The Historic Processes
Gum Bichromate Prints
This process is known more informally as 'Gum Printing' and dates back to the earliest beginnings of photography. Three separate scientific discoveries in the mid 1830's came together to bring the process to life. Although deceptively simple, it can also be maddeningly frustrating and temperamental. It is however the one old process that is most open to artistic interpretation. Taking advantage of digital technology I am now able to create a negative from a digital image which is then printed on transparency paper. This is then contact printed onto a piece of watercolour paper that has been painted with a mix of gum arabic, watercolour pigment and a sensitiser. This is then exposed to UV light and during this exposure the mixture of pigment, dichromate and gum arabic hardens in direct proportion to the amount of light it receives through the negative. The exposed paper is then washed in water, where the unusued mix is washed off. Further layers of different colours or densities are subsequently added to increase the depth and look of the print, until I am satisisfied.........or it goes in the bin!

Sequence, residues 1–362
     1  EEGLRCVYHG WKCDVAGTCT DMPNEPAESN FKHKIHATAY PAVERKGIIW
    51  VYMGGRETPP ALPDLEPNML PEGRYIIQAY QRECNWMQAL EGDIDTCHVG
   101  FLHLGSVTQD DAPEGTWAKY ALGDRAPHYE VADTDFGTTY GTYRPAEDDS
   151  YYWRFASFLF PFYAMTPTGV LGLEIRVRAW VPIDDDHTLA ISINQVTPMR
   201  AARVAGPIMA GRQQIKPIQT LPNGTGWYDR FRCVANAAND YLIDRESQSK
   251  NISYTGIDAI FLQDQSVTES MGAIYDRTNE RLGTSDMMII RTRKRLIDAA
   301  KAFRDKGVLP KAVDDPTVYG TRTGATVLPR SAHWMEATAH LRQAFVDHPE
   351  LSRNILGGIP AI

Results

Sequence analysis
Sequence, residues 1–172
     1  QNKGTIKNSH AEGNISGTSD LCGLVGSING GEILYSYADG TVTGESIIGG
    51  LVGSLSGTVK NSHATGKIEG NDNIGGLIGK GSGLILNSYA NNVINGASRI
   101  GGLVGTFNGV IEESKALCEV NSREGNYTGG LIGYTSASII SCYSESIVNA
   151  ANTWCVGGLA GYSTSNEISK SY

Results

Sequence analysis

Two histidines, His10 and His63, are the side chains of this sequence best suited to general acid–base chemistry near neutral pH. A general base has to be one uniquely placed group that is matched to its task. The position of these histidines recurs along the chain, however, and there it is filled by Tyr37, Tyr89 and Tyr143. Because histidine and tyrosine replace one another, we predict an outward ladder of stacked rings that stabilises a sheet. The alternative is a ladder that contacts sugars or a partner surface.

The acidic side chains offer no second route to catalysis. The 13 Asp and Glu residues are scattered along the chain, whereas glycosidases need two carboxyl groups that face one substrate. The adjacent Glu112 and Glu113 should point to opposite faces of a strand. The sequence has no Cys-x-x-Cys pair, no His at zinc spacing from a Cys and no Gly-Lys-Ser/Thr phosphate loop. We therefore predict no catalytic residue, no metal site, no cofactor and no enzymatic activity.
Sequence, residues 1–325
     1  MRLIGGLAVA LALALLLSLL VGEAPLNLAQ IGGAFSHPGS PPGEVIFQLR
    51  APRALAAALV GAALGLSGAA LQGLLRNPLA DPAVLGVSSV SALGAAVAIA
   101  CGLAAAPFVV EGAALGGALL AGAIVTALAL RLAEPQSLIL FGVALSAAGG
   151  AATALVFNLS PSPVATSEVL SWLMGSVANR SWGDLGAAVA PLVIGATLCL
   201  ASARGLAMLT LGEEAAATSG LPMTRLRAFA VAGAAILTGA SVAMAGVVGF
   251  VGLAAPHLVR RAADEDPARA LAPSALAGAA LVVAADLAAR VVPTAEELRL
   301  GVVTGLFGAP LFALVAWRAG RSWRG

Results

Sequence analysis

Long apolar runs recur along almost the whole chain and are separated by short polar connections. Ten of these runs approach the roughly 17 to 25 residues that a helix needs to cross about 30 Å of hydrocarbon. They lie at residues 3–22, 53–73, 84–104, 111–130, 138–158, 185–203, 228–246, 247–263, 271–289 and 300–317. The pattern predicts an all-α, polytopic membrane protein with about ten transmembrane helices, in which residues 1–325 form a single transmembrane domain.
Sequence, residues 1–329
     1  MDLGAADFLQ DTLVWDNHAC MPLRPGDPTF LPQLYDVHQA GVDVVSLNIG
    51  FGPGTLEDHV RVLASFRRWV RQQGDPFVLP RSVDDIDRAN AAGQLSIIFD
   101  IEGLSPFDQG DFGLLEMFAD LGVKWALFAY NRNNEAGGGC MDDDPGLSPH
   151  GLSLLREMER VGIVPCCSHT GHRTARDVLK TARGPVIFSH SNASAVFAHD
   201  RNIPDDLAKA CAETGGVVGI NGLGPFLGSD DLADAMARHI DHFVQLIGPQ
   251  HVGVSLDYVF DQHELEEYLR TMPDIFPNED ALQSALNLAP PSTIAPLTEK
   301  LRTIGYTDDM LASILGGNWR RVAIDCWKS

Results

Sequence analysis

This process, was also discovered in the mid 1830's by English astronomer and scientist Sir John Herschel. It was however considered mainly as a means of reproducing notes and diagrams, as in 'blueprints'. This process remained in use well into the 20th century to produce low cost copies of drawings etc. The process is relatively similar to gum prints, although usually only one layer is produced, using two different chemicals mixed together. Once exposed, and then washed in water, the resultant print has that traditional blue colour. It can then either be toned to a different colour, using items as simple as tea or coffee, or additional layers of a different process, such as gum printing, can be added on top of the original layer.